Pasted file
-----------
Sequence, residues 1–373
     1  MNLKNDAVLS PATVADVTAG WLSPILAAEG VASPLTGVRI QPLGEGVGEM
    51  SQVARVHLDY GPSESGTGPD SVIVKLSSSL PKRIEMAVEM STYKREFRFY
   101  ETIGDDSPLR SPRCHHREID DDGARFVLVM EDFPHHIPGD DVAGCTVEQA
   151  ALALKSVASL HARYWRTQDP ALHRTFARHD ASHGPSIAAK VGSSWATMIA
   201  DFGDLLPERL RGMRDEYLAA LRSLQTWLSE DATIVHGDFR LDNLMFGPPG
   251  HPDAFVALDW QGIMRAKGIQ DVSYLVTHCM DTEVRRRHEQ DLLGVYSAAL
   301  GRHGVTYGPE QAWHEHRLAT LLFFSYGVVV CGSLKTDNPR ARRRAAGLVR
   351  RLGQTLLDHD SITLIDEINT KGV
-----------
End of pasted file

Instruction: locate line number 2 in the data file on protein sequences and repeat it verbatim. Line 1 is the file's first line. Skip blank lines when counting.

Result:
     1  MNLKNDAVLS PATVADVTAG WLSPILAAEG VASPLTGVRI QPLGEGVGEM